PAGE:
The poor invariably buy kerosene at anything between Rs. 35 to Rs. 45 a l
As against the State average of 32.5 per cent, an impressive 75.3 per cent of Bangaloreans use liquefied petroleum gas (LPG) as the cooking fuel in Bangalore.
Poor family’s fuel
Interestingly, kerosene, regarded a poor family’s fuel, is used by 15.9 per cent of the 23.77 lakh households in Bangalore, as against the State average of 5.4 per cent.
The use of kerosene is higher in Bangalore compared to Delhi (5.2 per cent), Chennai (14 per cent) and Mumbai (2.8 per cent).
The story of an entire fuel economy hangs by these figures.
Quota not enough
A family that holds a Below Poverty Line (BPL) card is eligible for 7 litres of fuel forRs. 110, which entails standing in long queues early morning.
Since this is not adequate for a month’s fuel needs, the poor invariably buy kerosene in the open market at anything between Rs. 35 to Rs. 45 a litre.
With an entire segment of the poor excluded from BPL categorisation, the number of families dependent on kerosene in the open market is big.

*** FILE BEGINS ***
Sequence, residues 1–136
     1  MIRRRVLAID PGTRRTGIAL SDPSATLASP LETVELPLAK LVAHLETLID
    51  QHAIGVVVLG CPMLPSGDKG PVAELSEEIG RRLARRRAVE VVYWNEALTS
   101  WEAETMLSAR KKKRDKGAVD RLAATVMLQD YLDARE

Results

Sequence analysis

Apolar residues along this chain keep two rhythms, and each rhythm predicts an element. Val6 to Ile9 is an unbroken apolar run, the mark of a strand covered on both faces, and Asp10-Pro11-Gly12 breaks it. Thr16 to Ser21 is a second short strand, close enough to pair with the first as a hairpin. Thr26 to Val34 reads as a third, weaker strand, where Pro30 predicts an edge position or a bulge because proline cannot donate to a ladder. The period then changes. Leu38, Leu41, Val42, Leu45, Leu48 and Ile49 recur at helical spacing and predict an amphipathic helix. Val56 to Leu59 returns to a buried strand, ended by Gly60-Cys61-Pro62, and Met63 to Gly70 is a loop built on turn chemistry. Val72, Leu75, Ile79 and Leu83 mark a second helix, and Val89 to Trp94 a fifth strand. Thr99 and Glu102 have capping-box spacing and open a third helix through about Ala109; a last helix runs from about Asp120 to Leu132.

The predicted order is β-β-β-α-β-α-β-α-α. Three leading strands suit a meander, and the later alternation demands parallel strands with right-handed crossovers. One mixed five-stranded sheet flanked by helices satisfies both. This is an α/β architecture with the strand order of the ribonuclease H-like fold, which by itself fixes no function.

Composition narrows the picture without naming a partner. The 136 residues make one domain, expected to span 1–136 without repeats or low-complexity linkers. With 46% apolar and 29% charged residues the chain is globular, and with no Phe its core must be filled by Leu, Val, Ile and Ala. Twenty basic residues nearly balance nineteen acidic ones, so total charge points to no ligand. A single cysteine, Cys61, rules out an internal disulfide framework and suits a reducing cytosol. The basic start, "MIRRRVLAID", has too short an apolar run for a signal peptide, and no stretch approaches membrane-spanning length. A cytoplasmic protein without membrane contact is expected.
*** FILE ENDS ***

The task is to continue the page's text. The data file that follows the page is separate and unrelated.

Besides, there is a sizeable kerosene-dependent migrant population that has no dwelling that can be called household and therefore, would escape census count.
Struggle for fuel
Huligevva, a migrant worker from Koppal, buys blue kerosene (supplied through ration shop) and the rest in the open market.
Interestingly, she does not have a BPL card herself, but buys the kerosene off a cardholder who has an LPG connection and sells it to her at Rs. 30, slightly below the market price.
Huligevva needs about 13 litres per month, and spends at least Rs. 400 per month on fuel alone.
A middleclass, four-member family pays Rs. 403 for an LPG cylinder and uses it for nearly two months on an average.
With the choice of LPG as cooking fuel being an indicator of human development, the continued dependence of an estimated 3.77 lakh households on kerosene is an indicator of a large chunk of population not having a share in the pie of prosperity in the bourgeoning metropolis.